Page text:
The Creation of Heaven and Earth: Re-Interpretation of Genesis I in the Context of Judaism, Ancient Philosophy, Christianity, and Modern Physics

By George H. Van Kooten | Go to book overview

THE HISTORY-OF-RELIGIOUS
BACKGROUND OF ITIMOTHY 4:4:
'EVERYTHING THAT GOD HAS CREATED IS GOOD'

BOUDEWIJN DEHANDSCHUTTER


Introduction

The student of early Christianity is, generally, familiar with the story of the Martyrs of Lyon and Vienne. This story is known to us through the Ecclesiastical History of Eusebius of Caesarea who quotes it at length in the first and second chapters of the fifth book.1 What tends, again generally, to be less well known is that the 'Father of Church History' returns to the story of the Lyonese martyrs, even immediately afterwards in the third chapter of the fifth book! The text there runs as follows:

Now the same document of the aforesaid martyrs contains also another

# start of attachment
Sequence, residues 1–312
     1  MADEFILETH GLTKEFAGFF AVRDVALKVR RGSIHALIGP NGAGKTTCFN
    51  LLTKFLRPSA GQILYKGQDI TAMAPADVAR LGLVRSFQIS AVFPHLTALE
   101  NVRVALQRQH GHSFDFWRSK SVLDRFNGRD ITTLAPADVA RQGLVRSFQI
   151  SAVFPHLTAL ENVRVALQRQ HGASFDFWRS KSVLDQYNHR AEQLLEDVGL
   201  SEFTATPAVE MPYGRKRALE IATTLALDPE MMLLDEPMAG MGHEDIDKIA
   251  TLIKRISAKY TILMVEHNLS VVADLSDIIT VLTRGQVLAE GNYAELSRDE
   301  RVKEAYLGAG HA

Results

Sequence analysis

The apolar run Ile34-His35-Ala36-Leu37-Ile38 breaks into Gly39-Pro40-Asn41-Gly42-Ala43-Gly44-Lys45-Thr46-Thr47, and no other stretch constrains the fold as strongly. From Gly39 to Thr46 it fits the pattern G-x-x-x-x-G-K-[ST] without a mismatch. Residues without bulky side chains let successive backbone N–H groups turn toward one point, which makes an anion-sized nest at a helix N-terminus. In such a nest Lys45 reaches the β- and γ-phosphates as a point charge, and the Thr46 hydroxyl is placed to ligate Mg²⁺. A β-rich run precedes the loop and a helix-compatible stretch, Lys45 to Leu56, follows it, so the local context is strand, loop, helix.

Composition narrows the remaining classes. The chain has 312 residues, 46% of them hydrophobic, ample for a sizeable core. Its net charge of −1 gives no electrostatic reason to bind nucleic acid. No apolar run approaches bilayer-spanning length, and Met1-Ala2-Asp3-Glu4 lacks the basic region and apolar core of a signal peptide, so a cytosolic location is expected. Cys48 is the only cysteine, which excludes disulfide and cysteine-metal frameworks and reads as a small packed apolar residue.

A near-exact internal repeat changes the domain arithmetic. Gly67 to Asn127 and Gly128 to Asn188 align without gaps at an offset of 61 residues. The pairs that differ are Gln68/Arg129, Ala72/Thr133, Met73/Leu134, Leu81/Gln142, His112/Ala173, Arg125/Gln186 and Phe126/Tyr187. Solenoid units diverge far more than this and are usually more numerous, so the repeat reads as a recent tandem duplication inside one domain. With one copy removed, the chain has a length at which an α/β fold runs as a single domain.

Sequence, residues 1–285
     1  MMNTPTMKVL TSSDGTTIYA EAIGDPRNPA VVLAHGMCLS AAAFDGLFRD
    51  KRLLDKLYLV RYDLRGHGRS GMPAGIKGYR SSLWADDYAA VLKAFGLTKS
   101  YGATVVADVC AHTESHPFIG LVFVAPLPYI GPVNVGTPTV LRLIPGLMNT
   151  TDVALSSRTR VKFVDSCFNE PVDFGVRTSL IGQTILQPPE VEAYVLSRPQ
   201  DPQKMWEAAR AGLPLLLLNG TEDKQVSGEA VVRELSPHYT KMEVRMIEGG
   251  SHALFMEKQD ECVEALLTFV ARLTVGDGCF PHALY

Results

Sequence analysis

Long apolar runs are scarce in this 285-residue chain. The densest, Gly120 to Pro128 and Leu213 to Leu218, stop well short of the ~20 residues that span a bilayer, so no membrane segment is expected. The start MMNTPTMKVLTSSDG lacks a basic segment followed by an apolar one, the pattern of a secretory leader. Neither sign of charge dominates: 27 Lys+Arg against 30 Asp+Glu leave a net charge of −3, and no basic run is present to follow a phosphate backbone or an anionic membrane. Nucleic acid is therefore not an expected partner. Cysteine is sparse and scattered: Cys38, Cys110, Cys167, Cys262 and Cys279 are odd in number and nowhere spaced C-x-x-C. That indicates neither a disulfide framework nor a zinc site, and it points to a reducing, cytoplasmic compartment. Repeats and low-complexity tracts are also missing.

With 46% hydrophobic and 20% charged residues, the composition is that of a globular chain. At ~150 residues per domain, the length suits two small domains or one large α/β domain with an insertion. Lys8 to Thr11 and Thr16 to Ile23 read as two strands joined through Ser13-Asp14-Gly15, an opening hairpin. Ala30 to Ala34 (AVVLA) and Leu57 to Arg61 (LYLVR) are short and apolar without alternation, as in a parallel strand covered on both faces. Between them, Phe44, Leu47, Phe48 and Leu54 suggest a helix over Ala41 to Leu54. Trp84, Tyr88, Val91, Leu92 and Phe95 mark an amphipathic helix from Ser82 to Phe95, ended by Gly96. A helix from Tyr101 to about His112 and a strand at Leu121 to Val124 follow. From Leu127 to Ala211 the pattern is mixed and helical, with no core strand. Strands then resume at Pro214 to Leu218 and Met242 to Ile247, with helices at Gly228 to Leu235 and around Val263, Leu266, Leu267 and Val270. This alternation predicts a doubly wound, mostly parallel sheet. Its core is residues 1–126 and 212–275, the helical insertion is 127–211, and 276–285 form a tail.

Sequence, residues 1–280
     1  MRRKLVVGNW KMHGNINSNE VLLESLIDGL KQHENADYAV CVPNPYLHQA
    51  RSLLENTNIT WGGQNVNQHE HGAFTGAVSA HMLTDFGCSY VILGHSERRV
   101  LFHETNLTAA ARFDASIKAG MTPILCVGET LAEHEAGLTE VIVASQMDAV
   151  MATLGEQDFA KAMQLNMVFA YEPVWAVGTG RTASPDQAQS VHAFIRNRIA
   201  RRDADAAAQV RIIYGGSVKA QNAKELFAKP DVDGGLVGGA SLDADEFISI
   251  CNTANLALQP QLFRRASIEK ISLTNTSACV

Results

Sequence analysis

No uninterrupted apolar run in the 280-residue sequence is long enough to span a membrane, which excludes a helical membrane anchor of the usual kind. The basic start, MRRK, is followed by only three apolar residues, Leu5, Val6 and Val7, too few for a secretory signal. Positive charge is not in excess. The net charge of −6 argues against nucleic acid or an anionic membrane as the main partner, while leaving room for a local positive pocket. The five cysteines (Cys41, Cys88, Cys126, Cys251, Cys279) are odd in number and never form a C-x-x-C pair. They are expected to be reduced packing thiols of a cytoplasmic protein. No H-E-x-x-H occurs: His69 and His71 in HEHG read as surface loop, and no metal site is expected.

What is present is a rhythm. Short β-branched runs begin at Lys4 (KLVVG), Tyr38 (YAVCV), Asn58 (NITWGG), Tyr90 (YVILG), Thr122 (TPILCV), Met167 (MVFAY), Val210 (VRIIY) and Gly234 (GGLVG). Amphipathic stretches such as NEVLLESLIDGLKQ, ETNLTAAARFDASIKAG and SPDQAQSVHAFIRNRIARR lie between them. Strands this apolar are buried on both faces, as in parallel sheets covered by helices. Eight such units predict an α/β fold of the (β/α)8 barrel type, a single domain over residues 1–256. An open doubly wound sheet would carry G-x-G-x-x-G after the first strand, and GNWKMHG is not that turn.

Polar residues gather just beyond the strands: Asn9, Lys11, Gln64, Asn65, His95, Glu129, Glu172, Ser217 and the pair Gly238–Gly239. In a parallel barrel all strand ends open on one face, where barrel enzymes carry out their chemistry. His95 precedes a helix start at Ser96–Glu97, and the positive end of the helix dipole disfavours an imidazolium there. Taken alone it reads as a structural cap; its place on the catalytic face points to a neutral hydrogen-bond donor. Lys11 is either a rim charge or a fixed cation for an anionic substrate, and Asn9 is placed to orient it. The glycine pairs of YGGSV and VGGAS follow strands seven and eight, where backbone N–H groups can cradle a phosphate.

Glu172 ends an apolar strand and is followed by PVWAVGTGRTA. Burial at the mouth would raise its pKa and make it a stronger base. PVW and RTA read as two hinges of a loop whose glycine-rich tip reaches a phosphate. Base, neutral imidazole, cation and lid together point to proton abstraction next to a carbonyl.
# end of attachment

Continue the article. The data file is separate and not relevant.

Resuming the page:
story which deserves to be remembered, nor can there be any objection
to my bringing it before the knowledge of my readers. It runs thus. There
was one of them, a certain Alcibiades, who lived in absolute squalor,
partaking formerly of nothing whatever save bread and water only; and
he essayed to continue this mode of existence in prison also. But it was
revealed to Attalus, after his first conflict in the amphitheatre was com-
pleted, that Alcibiades was not doing well in refusing the creatures of
God and leaving an example whereat others might stumble. So Alcib-
iades was persuaded, and began to receive all things freely and give
thanks to God. For they were not unvisited by the grace of God, but
had the Holy Spirit for their Counsellor.2

There is no doubt that in the reaction of Attalus to the attitude of Alcibiades,' and in the conclusion of the passage, a reference can be

1 Edition by E. Schwartz, Eusebius Werke: Die Kirchengeschichte, vol. i, Berlin 1999 (2nd
edn by F. Winkelmann).

2 Translation by H.J. Lawlor and J.E.L. Oulton, Eusebius: The Ecclesiastical History and
the Martyrs of Palestine
, vol. 1, London 1927, 149.

3 Alcibiades is mentioned only here in the quotations of Eusebius; Attalus appears
more than once in the narrative, so that it is difficult to locate the passage from book
V.3.

-211-

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